A13C Mass Isotopomer Study of Anaplerotic Pyruvate Carboxylation in Perfused Rat Hearts

Blandine Comte, Geneviève Vincent, Bertrand Bouchard, Manon Jetté, Sylvie Cordeau, Christine Des Rosiers
1997 Journal of Biological Chemistry  
Anaplerotic pyruvate carboxylation was examined in hearts perfused with physiological concentrations of glucose, [U-13 C 3 ]lactate, and [U-13 C 3 ]pyruvate. Also, a fatty acid, [1-13 C]octanoate, or ketone bodies were added at concentrations providing acetyl-CoA at a rate resulting in either low or substantial pyruvate decarboxylation. Relative contributions of pyruvate and fatty acids to citrate synthesis were determined from the 13 C labeling pattern of effluent citrate by gas
more » ... gas chromatography-mass spectrometry (see companion article, Comte, B., Vincent, G., Bouchard, B., and Des Rosiers, C. (1997) J. Biol. Chem. 272, 26117-26124). Precision on flux measurements of anaplerotic pyruvate carboxylation depended on the mix of substrates supplied to the heart. Anaplerotic fluxes were precisely determined under conditions where acetyl-CoA was predominantly supplied by ␤-oxidation, as it occurred with 0.2 or 1 mM octanoate. Then, anaplerotic pyruvate carboxylation provided 3-8% of the OAA moiety of citrate and was modulated by concentrations of lactate and pyruvate in the physiological range. Also, the contribution of pyruvate to citrate formation through carboxylation was equal to or greater than through decarboxylation. Furthermore, 13 C labeling data on tissue citric acid cycle intermediates and pyruvate suggest that (i) anaplerosis occurs also at succinate and (ii) cataplerotic malate decarboxylation is low. Rather, the presence of citrate in the effluent perfusate of hearts perfused with physiological concentrations of glucose, lactate, and pyruvate and concentrations of octanoate leading to maximal oxidative rates suggests a cataplerotic citrate efflux from mitochondria to cytosol. Taken altogether, our data raise the possibility of a link between pyruvate carboxylation and mitochondrial citrate efflux. In view of the proposed feedback regulation of glycolysis by cytosolic citrate, such a link would support a role of anaplerosis and cataplerosis in metabolic signal transmission between mitochondria and cytosol in the normoxic heart.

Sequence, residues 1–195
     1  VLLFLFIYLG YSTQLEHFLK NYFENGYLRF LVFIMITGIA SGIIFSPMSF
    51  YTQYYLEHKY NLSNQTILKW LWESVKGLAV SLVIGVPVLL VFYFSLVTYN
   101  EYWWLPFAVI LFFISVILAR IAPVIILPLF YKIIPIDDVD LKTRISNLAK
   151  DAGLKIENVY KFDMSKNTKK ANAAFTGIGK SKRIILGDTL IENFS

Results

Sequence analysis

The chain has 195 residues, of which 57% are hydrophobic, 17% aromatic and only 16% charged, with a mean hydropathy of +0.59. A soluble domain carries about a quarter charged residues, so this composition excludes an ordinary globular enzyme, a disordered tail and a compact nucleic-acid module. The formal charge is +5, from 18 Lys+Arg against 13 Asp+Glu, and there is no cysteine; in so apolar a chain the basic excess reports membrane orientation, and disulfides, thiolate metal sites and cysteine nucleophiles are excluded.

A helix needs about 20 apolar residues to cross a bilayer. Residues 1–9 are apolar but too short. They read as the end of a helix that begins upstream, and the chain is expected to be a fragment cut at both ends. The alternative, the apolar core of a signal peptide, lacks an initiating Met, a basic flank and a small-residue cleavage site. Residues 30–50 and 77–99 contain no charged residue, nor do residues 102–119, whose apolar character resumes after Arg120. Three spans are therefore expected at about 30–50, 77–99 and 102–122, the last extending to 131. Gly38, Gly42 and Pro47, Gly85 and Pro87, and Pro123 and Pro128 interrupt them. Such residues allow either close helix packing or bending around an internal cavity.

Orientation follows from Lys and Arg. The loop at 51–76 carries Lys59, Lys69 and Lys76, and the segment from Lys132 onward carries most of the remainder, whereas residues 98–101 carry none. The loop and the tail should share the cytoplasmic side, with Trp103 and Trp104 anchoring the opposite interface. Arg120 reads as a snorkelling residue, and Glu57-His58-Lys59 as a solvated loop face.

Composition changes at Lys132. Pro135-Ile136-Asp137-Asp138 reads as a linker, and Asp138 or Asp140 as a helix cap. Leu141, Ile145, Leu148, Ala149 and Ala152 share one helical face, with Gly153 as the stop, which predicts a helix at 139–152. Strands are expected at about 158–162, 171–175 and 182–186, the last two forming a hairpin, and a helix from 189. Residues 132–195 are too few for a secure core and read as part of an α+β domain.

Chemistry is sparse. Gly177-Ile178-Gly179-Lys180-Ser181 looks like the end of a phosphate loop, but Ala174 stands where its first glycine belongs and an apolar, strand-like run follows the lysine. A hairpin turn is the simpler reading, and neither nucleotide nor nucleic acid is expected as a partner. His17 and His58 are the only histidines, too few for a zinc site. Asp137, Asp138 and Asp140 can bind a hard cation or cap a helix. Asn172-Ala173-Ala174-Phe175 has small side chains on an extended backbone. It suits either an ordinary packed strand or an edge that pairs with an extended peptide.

doi:10.1074/jbc.272.42.26125 pmid:9334177 fatcat:7dt3aug4pzdojcfcybtcc25ewm